236 Mass. 81

March 11, 1920 - May 21, 1920

Suffolk County


Landlord and Tenant, Construction of lease. Contract, Construction. Agency, Effect of agent's knowledge not communicated to principal. Evidence, Extrinsic affecting writings, Judicial notice. Equity Pleading and Practice, Decree, Costs. Director General of Railroads.

A judge, who heard a suit in equity by a railroad corporation against a mortgagee in possession of certain real estate which the mortgagor had let to the plaintiff by a lease in writing whose provisions the mortgagee had agreed to be bound by, among others a provision relating to heat to be furnished by the lessor which was ambiguous as to whether the premises should be heated nights and on holidays and Sundays, found, upon evidence warranting the findings, that, while the character of the plaintiff's business required that the premises should be heated on all days and nights, the lessor was not informed of that fact;

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that the lease was drawn by agents of the plaintiff; that to supply heat nights and on holidays and Sundays would require a large expenditure by the defendant; that the building was of a class usually not heated nights or on holidays or Sundays; that certain conduct of the lessor and of the defendant in keeping the premises comfortably heated nights and holidays and Sundays had no reference to an interpretation of the requirements of the lease in that respect, but that, when the defendant understood that the plaintiff claimed a right to such heat, he denied the right, while asserting his willingness to act so as not to embarrass the federal government, then operating the plaintiff. By order of the judge a final decree was entered dismissing the bill. Upon an appeal by the plaintiff, it was held, that no error appeared in the findings or rulings of the judge.

At the hearing above described, a broker, who had acted for the lessor in procuring the lease, testified that an authorized representative of the plaintiff had spoken to him "of there being employees there at night," and that he knew "that the night force was to some extent to occupy the premises;" and the attorney who acted for the plaintiff in making the lease testified that he informed the broker that it would be necessary for the plaintiff to have a night force. Held, that the above evidence did not as a matter of law require a finding by the judge that the broker of the lessor knew that the premises were to be used by the plaintiff days and nights without interruption.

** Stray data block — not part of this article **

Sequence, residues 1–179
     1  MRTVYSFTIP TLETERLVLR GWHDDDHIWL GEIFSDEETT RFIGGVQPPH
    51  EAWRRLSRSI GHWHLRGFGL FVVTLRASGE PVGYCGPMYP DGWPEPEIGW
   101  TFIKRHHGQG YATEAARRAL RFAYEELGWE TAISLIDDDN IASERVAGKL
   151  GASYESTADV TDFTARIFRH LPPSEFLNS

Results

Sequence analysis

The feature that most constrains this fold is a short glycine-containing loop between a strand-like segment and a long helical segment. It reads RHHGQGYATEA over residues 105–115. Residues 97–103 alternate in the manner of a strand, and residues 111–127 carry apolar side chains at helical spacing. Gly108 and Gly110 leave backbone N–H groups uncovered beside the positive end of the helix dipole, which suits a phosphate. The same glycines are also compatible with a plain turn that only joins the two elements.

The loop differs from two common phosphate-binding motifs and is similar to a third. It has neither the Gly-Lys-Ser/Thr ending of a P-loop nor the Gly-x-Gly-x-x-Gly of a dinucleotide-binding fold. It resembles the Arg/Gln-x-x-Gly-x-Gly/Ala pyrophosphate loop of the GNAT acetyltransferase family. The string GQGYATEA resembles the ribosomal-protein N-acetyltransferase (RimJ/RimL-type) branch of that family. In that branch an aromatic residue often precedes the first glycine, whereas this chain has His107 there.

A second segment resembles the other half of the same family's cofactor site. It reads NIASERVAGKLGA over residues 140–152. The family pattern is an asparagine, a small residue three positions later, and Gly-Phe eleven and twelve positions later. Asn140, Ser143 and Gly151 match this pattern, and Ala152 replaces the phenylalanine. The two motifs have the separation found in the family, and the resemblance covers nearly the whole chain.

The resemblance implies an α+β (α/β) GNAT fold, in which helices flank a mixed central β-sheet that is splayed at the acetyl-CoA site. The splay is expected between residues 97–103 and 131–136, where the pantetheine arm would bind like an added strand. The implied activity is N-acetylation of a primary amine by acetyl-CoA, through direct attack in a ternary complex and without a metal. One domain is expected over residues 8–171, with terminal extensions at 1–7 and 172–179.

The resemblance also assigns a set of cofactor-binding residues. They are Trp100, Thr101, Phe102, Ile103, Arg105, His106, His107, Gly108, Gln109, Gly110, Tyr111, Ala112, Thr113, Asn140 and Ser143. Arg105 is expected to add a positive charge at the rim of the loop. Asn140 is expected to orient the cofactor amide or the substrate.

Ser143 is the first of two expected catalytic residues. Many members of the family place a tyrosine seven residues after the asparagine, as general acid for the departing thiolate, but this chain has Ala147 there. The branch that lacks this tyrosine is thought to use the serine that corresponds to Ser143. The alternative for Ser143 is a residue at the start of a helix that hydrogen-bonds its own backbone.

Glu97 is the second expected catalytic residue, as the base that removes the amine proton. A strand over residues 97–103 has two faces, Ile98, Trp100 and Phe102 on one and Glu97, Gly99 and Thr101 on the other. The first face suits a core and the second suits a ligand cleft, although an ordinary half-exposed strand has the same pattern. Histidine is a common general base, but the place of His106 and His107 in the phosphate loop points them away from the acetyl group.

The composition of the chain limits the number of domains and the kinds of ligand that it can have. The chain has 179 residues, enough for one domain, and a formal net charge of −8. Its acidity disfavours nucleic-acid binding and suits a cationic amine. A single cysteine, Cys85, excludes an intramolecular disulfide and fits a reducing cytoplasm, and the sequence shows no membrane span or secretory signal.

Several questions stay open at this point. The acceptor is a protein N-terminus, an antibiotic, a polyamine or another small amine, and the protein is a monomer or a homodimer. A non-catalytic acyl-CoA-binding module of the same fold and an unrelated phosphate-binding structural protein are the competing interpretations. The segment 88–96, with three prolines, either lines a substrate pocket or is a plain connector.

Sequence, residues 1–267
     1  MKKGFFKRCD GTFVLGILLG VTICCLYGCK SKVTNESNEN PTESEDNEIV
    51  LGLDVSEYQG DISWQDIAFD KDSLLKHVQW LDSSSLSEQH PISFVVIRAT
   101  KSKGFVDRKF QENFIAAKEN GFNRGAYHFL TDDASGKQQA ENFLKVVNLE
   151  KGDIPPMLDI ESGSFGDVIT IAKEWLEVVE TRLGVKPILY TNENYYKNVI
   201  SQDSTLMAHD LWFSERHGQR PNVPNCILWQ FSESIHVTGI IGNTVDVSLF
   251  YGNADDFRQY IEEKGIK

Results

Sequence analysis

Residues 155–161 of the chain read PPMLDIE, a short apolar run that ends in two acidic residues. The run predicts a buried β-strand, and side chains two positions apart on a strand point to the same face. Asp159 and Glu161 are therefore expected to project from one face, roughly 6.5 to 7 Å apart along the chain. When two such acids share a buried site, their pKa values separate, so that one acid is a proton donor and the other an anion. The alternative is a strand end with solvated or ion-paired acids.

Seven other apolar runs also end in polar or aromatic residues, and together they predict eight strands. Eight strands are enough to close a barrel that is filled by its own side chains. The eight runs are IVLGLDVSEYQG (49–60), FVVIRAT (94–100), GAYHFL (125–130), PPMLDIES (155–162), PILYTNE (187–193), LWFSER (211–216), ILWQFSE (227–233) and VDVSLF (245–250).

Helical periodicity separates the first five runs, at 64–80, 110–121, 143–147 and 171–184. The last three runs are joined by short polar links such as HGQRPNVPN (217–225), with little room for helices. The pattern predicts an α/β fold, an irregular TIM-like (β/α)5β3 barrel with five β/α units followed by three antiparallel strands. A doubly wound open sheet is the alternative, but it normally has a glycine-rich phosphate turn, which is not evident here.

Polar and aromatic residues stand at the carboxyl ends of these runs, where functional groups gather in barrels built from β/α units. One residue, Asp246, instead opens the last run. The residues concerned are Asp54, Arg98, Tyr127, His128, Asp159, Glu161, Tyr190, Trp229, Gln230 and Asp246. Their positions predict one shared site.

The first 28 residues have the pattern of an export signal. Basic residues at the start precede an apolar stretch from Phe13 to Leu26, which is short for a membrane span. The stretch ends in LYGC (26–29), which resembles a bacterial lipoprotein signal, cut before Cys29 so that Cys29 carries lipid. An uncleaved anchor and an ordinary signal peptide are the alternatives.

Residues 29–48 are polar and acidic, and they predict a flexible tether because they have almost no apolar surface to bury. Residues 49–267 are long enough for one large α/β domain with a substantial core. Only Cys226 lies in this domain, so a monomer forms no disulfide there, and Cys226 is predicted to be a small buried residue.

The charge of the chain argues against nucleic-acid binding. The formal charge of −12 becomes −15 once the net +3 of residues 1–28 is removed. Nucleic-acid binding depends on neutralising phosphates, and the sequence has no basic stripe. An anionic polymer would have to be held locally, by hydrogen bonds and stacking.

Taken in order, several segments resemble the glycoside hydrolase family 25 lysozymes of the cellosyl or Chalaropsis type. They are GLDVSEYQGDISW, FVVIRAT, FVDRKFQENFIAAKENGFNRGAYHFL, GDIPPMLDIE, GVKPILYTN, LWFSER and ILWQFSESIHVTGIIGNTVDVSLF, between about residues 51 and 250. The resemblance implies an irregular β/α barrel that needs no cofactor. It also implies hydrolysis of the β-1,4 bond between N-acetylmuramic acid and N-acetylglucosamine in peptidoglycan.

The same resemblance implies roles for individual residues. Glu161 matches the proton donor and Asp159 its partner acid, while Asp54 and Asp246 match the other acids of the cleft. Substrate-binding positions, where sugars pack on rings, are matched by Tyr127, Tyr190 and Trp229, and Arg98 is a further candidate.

At the hearing above described, it appeared that the defendant, after hearing of the claim of the plaintiff that it was entitled under the lease to heat days and nights without interruption, continued thus to furnish heat, and the plaintiff contended that this was a construction of the ambiguous provision of the lease by conduct which bound the defendant. The defendant offered, and, subject to an exception by the plaintiff, the judge admitted evidence of conversations between the defendant and his agent, which tended to explain such conduct of the defendant and to show that it was not a construction of the contract favorable to the plaintiff. Held, that the evidence properly was admitted.

Where a suit in equity, brought by a railroad corporation and by the Director General of Railroads in 1918, was dismissed by a final decree on January 26, 1920, "with costs to the defendants," this court took judicial notice of the fact that at the time of the entry of the decree the Director General of Railroads no longer was operating the railroad, and ordered that the decree be so modified as to provide that he be not required to pay costs.

BILL IN EQUITY , filed in the Superior Court on October 29, 1918, by the New York Central Railroad Company, lessee of the Boston and Albany Railroad, and W. G. McAdoo, the then Director General of Railroads, seeking specific performance of the provisions of a lease for five years made by the owners of a seven-story building numbered 57 Kneeland Street in Boston, which the defendants, then mortgagees of the premises, assented to and agreed to be bound by in case they foreclosed their mortgage before the termination of the lease. The prayers of the bill were in substance that the defendants be required to furnish heat for the

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leased premises on Sundays and holidays and between the hours of six o'clock in the afternoon and seven o'clock in the morning.

The suit first was heard by J. F. Brown, J., who ruled that, upon certain facts found by him, the suit could not be maintained and reported the case to this court, who decided, as reported in 233 Mass. 258, that the ruling was wrong and remanded the case to the Superior Court for further hearing.